By Alan Dean Foster
The term “over-engineered” is a common one. It usually refers to something like emplacing three buttons on a car dash when a single button would accomplish the same task. Or installing multiple controls on a TV when the result is little more than duplication. Not to mention gadgets like expensive electric juicers, when all you need to do is put a neatly sliced hemisphere of fruit (orange, lime, pamplemousse, whatever) atop an old-fashioned glass or ceramic cone and — push down.
We have come to expect devices to handle such everyday chores for us. Sometimes they’re useful. Sometimes repetitious. Occasionally they expand and diversify in a way no one could have anticipated. Who saw the humble telephone replacing, for many folks, an entire computer? For that matter, who saw the formerly hideously expensive home computer replacing the abacus? After all, an abacus requires no electricity and allows one to do sums quite well, just as the slide rule permitted manual, non-battery-powered calculations.
But sometimes, well, you just have to shake your head at some of the developments that inflict themselves on the modern world in the name of advancing technology.
I’m speaking, of course, about laundry.
In many parts of the world people — by whom I mean women — still do laundry by hand. You take your basket of clothing down to the local river that you hope is not too polluted from the companies upstream making cell phones and electric juicers, soak the attire in the current, wring it out, rub it against flat rocks, and soak it again, repeating as often as necessary. When you think you’ve got all the dirt and shit and dead bugs out of your clothing, you spread it out to dry in the sun. No batteries required.
It’s labor intensive. It’s backbreaking work. So people invented clotheslines to at least help with the drying. Then when metal-bashing became practical, steel washtubs were developed. Wooden mangles were added. As technology accelerated, electric washers were invented. Someone had the bright idea to add soap to the wash. Not just any soap, but soap especially designed to go in the washer. Lo, detergent was born, and it was proclaimed Good.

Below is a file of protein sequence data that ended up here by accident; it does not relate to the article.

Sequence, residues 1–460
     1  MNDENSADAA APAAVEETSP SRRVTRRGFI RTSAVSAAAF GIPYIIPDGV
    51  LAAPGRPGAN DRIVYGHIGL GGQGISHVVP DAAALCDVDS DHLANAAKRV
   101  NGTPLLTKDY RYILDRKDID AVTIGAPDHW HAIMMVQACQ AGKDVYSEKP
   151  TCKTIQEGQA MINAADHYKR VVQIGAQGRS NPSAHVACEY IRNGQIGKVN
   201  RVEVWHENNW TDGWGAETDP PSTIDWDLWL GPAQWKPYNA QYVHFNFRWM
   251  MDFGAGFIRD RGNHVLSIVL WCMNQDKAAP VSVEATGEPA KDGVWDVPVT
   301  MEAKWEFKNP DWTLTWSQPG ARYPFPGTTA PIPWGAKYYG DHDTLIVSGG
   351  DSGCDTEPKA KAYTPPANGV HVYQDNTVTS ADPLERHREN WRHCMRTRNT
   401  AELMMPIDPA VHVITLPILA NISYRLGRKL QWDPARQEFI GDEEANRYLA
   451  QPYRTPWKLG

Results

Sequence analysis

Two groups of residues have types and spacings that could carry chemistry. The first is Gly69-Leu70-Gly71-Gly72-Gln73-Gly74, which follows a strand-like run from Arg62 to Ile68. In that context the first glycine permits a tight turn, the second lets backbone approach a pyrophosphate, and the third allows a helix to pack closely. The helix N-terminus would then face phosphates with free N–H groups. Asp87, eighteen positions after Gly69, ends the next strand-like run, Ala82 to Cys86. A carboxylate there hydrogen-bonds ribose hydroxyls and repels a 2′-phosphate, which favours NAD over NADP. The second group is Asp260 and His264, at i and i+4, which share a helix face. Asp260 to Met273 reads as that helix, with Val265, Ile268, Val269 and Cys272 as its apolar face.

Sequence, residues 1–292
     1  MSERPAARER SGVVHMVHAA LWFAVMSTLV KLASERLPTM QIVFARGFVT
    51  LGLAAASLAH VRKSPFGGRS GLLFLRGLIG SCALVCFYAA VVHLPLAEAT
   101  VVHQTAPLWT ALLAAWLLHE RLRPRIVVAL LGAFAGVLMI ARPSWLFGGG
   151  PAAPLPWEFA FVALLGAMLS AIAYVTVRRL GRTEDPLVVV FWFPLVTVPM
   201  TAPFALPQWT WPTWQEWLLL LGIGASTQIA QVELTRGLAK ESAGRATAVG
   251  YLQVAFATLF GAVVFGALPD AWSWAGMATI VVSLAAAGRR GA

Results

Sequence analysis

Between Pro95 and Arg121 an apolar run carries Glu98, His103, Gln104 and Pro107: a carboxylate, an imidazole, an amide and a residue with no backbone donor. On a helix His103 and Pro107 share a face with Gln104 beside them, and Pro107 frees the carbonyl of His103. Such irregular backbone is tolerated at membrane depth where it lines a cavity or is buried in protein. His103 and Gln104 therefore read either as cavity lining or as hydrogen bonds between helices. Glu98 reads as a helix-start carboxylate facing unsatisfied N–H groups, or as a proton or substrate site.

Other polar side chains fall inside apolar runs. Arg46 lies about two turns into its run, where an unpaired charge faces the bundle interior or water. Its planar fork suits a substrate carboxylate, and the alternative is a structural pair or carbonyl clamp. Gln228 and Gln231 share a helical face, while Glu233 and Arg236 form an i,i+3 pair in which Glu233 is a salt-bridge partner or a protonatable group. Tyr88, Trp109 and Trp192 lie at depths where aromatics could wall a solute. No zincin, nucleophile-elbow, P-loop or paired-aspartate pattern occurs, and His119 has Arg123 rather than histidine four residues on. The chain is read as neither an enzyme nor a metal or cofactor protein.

The first laundry detergent consisted of ground-up … soap. Soon it became more specialized, because specialization equals profits. Niche detergents were invented. There was detergent for silks, detergent for jeans, detergent for everything you can think of. Bleach came along to make whites whiter than white. Then softeners, most welcome among those who drew hard water from wells and delinquent urban water authorities. Someone thought to counter the wash “smell” by developing additives that added fragrance to the wash, so that your favorite dude gym shorts could smell like … I dunno, lavender? Coquille St. Jacques? Attar of roses?
Detergent, bleach, softener, fragrance: The list of laundry additives is doubtless longer by now. What fascinates me is that there are folks who attend prestigious universities to obtain a degree in chemistry who then go on to develop better — detergent, bleach, softener, and fragrance. And there are companies like Unilever that will pay them plenty to do so. It wouldn’t surprise me to learn that there are specialty degrees offered in laundry chemistry. After all, Edward E. “Doc” Smith, creator of the early ground-breaking science-fiction “Lensmen” tales, had a Ph.D in doughnut chemistry. Why not laundry chemistry?
The chemicals used in laundry had to become more specific because the machines they fed grew more specialized. Nowadays it seems like to do ordinary laundry you need your own degree in engineering. There are innumerable choices to make and buttons to push. You can buy a washer-dryer combo that is controllable via the internet (how do you respond if someone hacks your socks?). We have “HE” washers that, of course, require you to use HE-specialty detergent.
Under development are washers (although that term will not be strictly applicable) that eschew the use of water altogether, cleaning clothing by treating it with sonic waves to shake off the dirt. Other washers will use infrared technology to kill germs. I bet they’ll all work. I also bet they’ll cost thousands of dollars. Because, you know, upscaling also drives profits.
You can still buy Speed Queen washers and dryers. These are the simple washers and dryers you usually see in coin laundromats. The ones that don’t require an advanced degree to operate. They’re made right here in the USA (Ripon, WI.) and are as simple to use as can be, though the company has been forced to add digital controls to some models in order to compete with imports. They’re also virtually indestructible, which is why they dominate the coin laundry business. But the company still struggles to sell them to the general public. Not enough bells, whistles, and no internet connection.
Now we’re told to use the cold-cold water combination for much of our laundry. The gals working the rocks at the riverside must be smiling.
Alan Dean Foster is author of more than 120 books, visitor to more than 100 countries, and still frustrated by the human species. Follow him at AlanDeanFoster.Com.